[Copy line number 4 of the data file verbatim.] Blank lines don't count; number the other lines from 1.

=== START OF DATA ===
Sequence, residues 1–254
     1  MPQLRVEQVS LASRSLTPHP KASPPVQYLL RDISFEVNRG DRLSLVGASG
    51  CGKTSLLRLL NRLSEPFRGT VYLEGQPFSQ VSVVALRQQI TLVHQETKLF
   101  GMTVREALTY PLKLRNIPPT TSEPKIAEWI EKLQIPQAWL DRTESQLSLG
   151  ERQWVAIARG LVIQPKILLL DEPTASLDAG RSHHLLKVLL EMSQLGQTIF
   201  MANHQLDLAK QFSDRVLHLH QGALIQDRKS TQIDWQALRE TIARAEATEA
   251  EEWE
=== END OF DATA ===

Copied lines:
   101  GMTVREALTY PLKLRNIPPT TSEPKIAEWI EKLQIPQAWL DRTESQLSLG